Text and images by Gabrielle.

Pharmacies, and specifically pharmacists, play a different role here in France than they do in the U.S.

From what I can tell, for non-emergency medical issues or questions, like colds, rashes, or congestion, pharmacists are the first stop. They’re incredibly knowledgable and they come out from behind the counter to discuss the options and recommend products. Plus they keep samples of pretty much everything they stock on hand and offer them up generously so you can find the product that’s going to work for you before you spend your money.

Something else you’ll find integrated into every French pharmacy is homeopathic medicine. It seems to be as common as aspirin here! And I should note, not just at pharmacies. It’s also common for any doctor to recommend homeopathie as an option. (Where as in my experience in the U.S., typically only “alternative” practitioners might recommend it.)

Essentially, homeopathie is not considered strange, alternative, quack-y or odd at all. It’s simply an additional option. And it’s readily available at even the smallest corner pharmacy.

As you know, while we’re living here, we like the idea of adopting as much of the French lifestyle as we can manage. So, while I hadn’t had much interest in homeopathic remedies when I lived in the States, since I’m here, I thought: why not give it shot? With guidance from our dear friend Caroline and our helpful pharmacist, so far we’ve tried 4. First is Arnica. It’s for pain and it works like magic with our little kids. If they have a big bump and burst into tears, Arnica will calm them in seconds! Count me a believer on this one.

When I was stressed out during Alt Summit week, I tried Gelsemium. I took it off and on (pretty much whenever I would remember) during the conference, and I think I was calmer than usual — but it’s hard for me to judge. It’s not the sort of week where I can sit calmly and evaluate my mental status. : )

For runny, red noses we’ve used Allium Cepa and all agreed we saw relief. But only when we took it consistently.

Lastly, Caroline recommended Ignatia Amara as an option when you have something you can’t stop thinking about. I’ve had a couple of bummer emails this week and found myself getting obsessed with them; not being able to let them go. So I’ve been trying the Ignatia Amara. Again, this is a hard one for me to tell if it’s working or not. If I’m not thinking of those emails, is it the medicine? Or would I have been able to distract myself on my own?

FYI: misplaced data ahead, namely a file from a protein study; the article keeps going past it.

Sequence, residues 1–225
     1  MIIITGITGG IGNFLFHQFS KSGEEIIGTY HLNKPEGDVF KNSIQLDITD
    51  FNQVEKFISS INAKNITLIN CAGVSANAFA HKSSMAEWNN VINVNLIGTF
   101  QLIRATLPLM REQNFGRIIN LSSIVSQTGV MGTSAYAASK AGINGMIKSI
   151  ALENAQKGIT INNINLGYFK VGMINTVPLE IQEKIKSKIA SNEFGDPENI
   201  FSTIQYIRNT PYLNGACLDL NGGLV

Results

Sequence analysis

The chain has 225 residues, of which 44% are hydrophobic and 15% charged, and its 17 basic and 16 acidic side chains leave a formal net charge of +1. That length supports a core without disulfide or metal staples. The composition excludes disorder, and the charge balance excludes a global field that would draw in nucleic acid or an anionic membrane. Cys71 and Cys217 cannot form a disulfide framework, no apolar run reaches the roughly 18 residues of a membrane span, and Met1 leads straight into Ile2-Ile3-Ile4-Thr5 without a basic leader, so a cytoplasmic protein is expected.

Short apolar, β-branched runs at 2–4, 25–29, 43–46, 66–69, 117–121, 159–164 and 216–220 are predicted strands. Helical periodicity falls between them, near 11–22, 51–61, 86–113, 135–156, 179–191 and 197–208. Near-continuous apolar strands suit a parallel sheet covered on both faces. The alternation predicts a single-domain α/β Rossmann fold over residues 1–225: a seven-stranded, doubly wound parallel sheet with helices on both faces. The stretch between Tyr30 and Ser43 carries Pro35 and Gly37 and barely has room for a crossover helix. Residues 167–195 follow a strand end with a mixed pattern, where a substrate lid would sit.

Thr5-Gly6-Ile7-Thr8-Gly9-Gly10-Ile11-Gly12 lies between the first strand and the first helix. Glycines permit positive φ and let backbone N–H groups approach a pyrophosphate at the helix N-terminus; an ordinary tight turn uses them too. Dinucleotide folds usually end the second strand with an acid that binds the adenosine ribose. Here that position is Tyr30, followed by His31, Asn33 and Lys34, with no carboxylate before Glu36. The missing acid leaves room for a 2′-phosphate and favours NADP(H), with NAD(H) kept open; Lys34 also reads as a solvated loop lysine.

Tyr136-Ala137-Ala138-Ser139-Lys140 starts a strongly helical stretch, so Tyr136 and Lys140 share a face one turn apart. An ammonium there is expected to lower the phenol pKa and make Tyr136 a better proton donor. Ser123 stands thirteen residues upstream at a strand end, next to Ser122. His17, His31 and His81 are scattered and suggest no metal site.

I’m curious. What are your thoughts on homeopathie? Do you roll your eyes at the thought? Are you curious about it? Have you been using it for years?

P.S. — The homeopathic remedies we’ve tried come in the bright little containers pictured. They’re the size of a lip balm stick and they’re filled with tiny white balls. The balls taste sweet and you hold them under your tongue till they dissolve.

125 thoughts on “Homeopathie”

  1. This makes me incredibly upset that you posted this. Homeopathy is nothing more than a placebo, there have been numerous studies confirming this. Case in point, if homeopathy did what it claims to do, the way it claims to do it, everything we know about modern science would be wrong, but we know it’s not because we’re able to do many things, like make planes fly and build computers. Which, no one here would be able to do by simply “believing”.

    Spreading misinformation like this is incredibly irresponsible and dangerous. There are some people who use homeopathic vaccinations and what then when their child becomes infected with a disease that could potentially kill them like whooping cough? Learn the facts and don’t use something just because it “feels good”.

    Did you ever stop to think about how much money the companies that make homeopathic medicine are making from an ingredient that is basically a tic tac?

    You just lost a reader.

    1. Yikes. That’s an intense response. I don’t think telling readers that homeopathie is common in France is “spreading misinformation”.

      And I have no idea what a “homeopathic vaccination” is. The French use the same standard vaccinations that are used in the U.S., and I vaccinate my children as well.

  2. We use homeopathy at our home. Coughing syrups were very helpful this winter. Also fever reducer. Homeopathy is becoming popular (or at least in my circle of people) and I buy it at the Whole Foods. Not sure whether a pharmacy carries it.

  3. Wow, a post about actual quackery. So, allium cepa, basically a single molecule from an onion tossed into a swimming pool of sugar water. I’ll stick with facts, science, and actual intelligence.

  4. I love homeopathy! I’ve used it for years for various things. My primary care doctor in Brooklyn keeps various vials in the pockets of her medical white coat and hands them to me instead of giving prescriptions. That’s nearly unheard of, so I’m glad I found her.

  5. Ha ha, wow, you really got a lot of responses to this post! I love homeopathy and use it for my kids as well as myself. I would agree that it’s not worth trying to convince skeptics.